WASHINGTON — New Mexico's Supreme Court on Wednesday ordered a GOP county commission to certify primary election results after the panel refused to do so, citing concerns with voting machines.
Chief Justice C. Shannon Bacon issued an order compelling the Otero County Commission to certify the results of its June 7 election by Friday.
The order came a day after New Mexico Secretary of State Maggie Toulouse Oliver, a Democrat, said the GOP-controlled commission was "appeasing unfounded conspiracy theories and potentially nullifying the votes of every Otero County voter who participated in the primary."
In a 19-page filing, Toulouse Oliver had asked that the state Supreme Court order the county commission to certify primary election results in Otero County, whose southern line is near the U.S.-Mexico border.
"At the meeting they identified no deficiency in the election results, but rather made unsubstantiated claims about the voting systems in use throughout the state," Toulouse Oliver wrote.
Toulouse Oliver on Wednesday applauded the high court's order.
“The voters and candidates of Otero County can now be assured that their voices will be heard in full,” she said in a statement. “Though it was sad to see the Commission give in to discredited conspiracy theories and try to halt the legal process of election certification, it’s encouraging to know that the rule of law prevailed and that the checks and balances in our system of government remain strong.”
The commission held a meeting Monday, in which members were presented with the election results by County Clerk Robyn Holmes and were supposed to certify them. Holmes "presented the results of the canvass, found no discrepancies in the results, and recommended approval to certify the canvass report," Toulouse Oliver said.
But the commission decided against doing so. Instead, each member expressed concern with whether the results were accurate and whether the voting machines used could be trusted. They use machines made by Dominion, according to the Associated Press, which former President Donald Trump spread baseless theories about in order to push his claims of a stolen election in 2020.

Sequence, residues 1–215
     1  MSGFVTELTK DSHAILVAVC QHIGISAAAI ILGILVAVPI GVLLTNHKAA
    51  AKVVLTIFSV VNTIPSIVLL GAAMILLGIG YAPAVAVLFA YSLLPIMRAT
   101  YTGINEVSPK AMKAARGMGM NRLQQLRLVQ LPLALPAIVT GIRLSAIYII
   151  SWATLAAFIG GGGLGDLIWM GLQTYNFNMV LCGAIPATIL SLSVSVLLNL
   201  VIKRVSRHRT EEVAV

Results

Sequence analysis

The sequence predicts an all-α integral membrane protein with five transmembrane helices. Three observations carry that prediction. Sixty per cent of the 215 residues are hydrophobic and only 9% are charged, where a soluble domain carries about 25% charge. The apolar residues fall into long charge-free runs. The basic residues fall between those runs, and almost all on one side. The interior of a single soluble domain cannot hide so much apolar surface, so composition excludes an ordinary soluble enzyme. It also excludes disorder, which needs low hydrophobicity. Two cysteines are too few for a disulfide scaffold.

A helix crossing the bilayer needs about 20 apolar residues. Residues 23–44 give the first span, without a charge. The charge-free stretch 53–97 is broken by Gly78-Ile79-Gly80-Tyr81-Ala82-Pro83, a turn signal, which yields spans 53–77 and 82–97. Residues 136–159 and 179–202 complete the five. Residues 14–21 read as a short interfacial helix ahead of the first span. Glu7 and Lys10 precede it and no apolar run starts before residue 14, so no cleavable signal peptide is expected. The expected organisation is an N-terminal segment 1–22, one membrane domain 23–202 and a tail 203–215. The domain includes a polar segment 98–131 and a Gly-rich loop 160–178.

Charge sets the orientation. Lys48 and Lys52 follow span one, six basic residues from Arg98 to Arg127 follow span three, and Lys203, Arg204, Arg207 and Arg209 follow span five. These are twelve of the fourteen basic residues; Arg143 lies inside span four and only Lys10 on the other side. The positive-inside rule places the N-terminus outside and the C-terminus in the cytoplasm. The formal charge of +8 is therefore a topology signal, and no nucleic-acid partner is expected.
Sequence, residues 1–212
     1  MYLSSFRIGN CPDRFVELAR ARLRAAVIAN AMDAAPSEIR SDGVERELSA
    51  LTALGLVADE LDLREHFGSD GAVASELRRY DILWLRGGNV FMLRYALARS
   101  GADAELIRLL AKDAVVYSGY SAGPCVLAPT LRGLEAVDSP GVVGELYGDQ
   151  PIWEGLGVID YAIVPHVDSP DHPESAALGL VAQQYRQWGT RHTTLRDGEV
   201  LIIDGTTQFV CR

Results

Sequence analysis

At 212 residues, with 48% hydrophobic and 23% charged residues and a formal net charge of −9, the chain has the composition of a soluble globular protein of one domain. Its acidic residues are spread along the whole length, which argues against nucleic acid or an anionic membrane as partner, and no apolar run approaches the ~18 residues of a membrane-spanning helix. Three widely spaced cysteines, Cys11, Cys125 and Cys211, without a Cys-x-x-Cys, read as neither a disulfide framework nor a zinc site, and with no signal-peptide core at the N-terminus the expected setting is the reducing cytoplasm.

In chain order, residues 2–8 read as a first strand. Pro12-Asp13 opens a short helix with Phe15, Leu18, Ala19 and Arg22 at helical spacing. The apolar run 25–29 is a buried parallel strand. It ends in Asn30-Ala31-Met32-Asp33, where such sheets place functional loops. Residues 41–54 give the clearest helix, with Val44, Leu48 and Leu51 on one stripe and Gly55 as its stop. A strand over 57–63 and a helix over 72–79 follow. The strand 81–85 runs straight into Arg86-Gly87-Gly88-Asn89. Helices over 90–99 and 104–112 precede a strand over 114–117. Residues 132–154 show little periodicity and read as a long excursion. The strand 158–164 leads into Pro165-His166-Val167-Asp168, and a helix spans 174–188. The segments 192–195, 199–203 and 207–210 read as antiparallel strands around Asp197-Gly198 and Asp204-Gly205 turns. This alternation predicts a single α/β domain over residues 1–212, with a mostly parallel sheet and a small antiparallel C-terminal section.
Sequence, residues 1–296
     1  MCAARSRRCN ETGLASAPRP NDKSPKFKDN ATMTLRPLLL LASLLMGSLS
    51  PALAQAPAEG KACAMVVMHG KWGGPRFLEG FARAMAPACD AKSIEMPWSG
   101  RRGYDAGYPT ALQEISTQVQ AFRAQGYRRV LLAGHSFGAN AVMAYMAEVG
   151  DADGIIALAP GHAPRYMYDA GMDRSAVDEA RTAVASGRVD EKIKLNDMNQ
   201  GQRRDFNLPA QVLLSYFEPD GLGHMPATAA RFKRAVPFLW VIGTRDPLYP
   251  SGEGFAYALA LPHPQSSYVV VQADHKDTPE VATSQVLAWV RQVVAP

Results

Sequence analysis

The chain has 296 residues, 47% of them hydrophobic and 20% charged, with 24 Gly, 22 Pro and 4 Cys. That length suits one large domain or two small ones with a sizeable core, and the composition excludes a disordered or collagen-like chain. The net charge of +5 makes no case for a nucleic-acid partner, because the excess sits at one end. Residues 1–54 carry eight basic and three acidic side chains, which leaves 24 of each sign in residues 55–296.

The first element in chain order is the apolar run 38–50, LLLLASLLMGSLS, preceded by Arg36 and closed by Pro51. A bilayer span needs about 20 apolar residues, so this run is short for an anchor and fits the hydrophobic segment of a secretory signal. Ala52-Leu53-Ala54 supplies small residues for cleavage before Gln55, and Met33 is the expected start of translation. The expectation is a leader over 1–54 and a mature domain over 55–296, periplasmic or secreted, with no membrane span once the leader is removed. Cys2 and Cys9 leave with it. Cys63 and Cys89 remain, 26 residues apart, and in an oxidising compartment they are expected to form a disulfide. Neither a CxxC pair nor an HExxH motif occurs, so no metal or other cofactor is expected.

“I have huge concerns with the voting machines,” said Commissioner Vickie Marquardt, in yet another instance where Republican officials have questioned the validity of election results. “I do not trust these machines.”
Marquardt added that she feels like she would be “dishonest” if she certified the election results because the commission didn’t have the ability to “thoroughly check these things out,” in reference to the machines. The clerk, however, repeatedly emphasized that the county goes through a process to ensure the machines are reliable and work properly.
“As this Petition makes clear, the Canvassing Board has failed to undertake its statutory duty to approve the canvass report and certify the election,” Toulouse Oliver said to the court.
The other two commission members, Gerald Matherly and Couy Griffin, founder of Cowboys for Trump, also expressed concerns about the voting machines.
“Let somebody else certify it,” Griffin said during the meeting after the clerk made it clear that if the commission refused to certify the results, then it would be resolved through the courts.
Griffin was found guilty in March of trespassing on restricted grounds during the insurrection at the U.S. Capitol on Jan. 6, 2021.